In brief: The Epic vs Google antitrust trial is revealing plenty of surprising details about the pair's relationship, including Google proposing a $147 million deal to launch Fortnite on the Play Store. Not only was the search giant worried about the revenue lost due to the battle royale game's absence from the store, but it was also concerned about other developers following Epic's lead.

Back in August 2018, Epic Games decided to circumvent Google's 30% Play Store revenue cut by distributing the Android version of Fortnite via an installer that could be downloaded from the company's website. CEO Tim Sweeney described Google's revenue take as a "high cost" in the industry, especially as Android is an open platform where Google does not distribute or manage all the hardware.

As reported by The Verge, a Google document shows the company listed "the most principled arguments" it could make to convince Epic to put Fortnite on its store. These included "The install friction is not only a bad experience, but we know from our data that it will drastically limit their reach." Another read: "The [Play] store will still attract billions of users who will search for Fortnite and run into deadends that aren't clear how to resolve."

It seems these arguments didn't do the trick, so Google offered Epic $147 million to put Fortnite on the Play Store, paid over three years and ending in 2021.

That's a lot of money, but Lawrence Koh, the former head of Google Play's games business development, explained on the stand that Google projected Fortnite's absence from the store could result in a direct revenue loss between $130 million and $250 million. But the biggest fear was other developers such as Blizzard following Epic's lead and offering their mobile games as direct downloads. It was estimated that this would lead to a "downstream impact" of between $550 million and $3.6 billion in revenue loss.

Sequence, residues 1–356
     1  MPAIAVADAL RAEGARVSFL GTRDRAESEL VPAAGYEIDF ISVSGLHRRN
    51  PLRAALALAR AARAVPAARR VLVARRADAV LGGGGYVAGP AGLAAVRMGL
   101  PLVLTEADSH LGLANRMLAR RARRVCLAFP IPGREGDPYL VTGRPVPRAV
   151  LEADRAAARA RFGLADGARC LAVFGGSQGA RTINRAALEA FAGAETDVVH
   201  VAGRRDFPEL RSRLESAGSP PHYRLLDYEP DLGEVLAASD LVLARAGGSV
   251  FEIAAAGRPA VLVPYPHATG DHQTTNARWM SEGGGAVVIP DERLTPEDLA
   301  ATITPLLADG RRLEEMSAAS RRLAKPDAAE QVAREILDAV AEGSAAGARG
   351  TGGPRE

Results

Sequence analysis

In 2020, 18 months after the game first appeared on Android, Epic begrudgingly allowed Fortnite onto the Play Store. "Google puts software downloadable outside of Google Play at a disadvantage, through technical and business measures such as scary, repetitive security pop-ups for downloaded and updated software, restrictive manufacturer and carrier agreements and dealings, Google public relations characterizing third-party software sources as malware, and new efforts such as Google Play Protect to outright block software obtained outside the Google Play Store," Epic said in a statement at the time. "Because of this, we've launched Fortnite for Android on the Google Play Store."

Fortnite only lasted five months on the Play Store before it was booted by Google over the introduction of Epic Direct Payments. This option allowed players to pay Epic directly for in-app purchases, bypassing the 30% cut taken by Google while also giving users a 20% discount. The move led to Epic's antitrust lawsuit against Google and, separately, Apple.